Anatomic Gene Expression Atlas (AGEA)
What is AGEA?
The Allen Institute has built a data-driven three-dimensional atlas of the adult C57Bl/6J mouse brain based on the ISH gene expression images of the Allen Mouse Brain Atlas. The project is called AGEA which stands for Anatomic Gene Expression Atlas. Essentially, AGEA characterizes the multi-scale spatial relationship in the mouse brain as derived from gene expression data without a prior knowledge of classical anatomy. In the AGEA online application, you can:
- View and navigate 3D spatial relationship maps (Correlation mode);
- Explore a transcriptome based spatial organization of the brain (Clusters mode) and,
- Search for genes with local regionality as defined by AGEA (Gene Finder mode).
The application is loaded by clicking on the AGEA tab from the Mouse Brain Atlas and looks like the following image.
The upper panels of images are orthogonal views of a 3D Nissl reference atlas volume. The reference space was divided into 200 um volumes or voxels that demonstrate a unique gene expression profile. The cross hairs in the top panel of images select for a seed voxel from which to compare to gene expression profiles to all other voxels in the brain. For more detailed information on how AGEA was constructed please see the user guide or link to paper.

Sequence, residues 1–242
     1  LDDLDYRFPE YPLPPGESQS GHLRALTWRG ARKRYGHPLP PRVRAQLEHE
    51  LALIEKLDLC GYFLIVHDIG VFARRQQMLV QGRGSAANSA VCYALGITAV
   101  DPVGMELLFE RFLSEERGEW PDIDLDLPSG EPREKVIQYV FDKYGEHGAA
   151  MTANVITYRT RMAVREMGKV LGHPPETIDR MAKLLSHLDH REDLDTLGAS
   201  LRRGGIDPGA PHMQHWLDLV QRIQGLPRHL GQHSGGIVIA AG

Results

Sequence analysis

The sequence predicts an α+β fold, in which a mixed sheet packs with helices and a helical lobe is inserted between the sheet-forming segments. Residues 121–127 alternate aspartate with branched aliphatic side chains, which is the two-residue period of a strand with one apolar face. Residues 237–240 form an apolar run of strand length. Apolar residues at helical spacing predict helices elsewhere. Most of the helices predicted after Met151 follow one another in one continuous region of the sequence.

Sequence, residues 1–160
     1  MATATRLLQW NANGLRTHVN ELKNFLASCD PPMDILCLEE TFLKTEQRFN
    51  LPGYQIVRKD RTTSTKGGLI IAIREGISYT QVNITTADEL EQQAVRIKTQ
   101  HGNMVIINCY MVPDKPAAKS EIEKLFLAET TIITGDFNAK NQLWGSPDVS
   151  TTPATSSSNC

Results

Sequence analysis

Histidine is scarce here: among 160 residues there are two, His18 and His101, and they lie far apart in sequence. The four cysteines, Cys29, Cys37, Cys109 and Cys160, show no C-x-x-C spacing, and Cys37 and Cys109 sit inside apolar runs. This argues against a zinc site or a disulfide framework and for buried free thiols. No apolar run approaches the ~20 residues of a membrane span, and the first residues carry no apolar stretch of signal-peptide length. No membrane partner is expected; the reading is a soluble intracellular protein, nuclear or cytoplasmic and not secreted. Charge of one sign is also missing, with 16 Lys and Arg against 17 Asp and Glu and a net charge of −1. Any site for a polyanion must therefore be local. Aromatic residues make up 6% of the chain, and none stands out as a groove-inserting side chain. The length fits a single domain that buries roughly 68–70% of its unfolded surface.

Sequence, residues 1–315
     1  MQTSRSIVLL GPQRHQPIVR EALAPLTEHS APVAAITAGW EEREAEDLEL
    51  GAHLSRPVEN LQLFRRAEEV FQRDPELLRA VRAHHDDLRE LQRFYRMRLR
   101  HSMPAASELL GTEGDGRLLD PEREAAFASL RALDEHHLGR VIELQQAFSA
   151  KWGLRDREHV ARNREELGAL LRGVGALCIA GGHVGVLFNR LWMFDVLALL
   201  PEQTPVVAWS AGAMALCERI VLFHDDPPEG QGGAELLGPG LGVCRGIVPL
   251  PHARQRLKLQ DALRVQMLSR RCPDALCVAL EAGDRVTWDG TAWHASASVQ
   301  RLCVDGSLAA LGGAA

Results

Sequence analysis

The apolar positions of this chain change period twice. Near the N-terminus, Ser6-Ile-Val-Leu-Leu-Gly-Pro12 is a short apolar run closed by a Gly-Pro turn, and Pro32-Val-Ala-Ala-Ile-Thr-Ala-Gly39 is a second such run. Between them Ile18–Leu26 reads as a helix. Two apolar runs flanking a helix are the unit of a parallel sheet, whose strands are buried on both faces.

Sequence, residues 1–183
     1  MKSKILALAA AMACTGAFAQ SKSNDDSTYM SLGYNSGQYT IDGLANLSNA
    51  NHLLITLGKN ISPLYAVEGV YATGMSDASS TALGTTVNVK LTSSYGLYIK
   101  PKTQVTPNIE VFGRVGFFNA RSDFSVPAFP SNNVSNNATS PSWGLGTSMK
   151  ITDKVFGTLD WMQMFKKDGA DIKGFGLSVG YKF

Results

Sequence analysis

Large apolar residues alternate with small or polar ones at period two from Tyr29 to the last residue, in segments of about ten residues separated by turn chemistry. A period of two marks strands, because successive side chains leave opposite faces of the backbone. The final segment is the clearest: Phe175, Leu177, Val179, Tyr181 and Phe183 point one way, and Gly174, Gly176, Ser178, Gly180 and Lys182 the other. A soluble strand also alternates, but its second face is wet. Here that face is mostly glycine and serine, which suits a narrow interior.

In Correlation mode, the lower panels show orthogonal views of the selected spatial relationship map. The correlation values in the bottom figures can be interpreted as a measure of average co-expression between two voxels. The higher the correlation value between voxels, the more common it is for genes from the seed voxel to be co-expressed. Higher correlation between two voxels indicates more spatial correlation of expression and thus potentially higher possibility that the spatial regions spanned by the voxels are anatomically related. This may indicate that the voxels compared share common cell types or represent a coherent functional The correlation map can also be used to locate coexpressing
areas in other brain regions. In Figure 2, the map indicates that there is higher coexpression
with layer 5 than other layers of the cerebral cortex.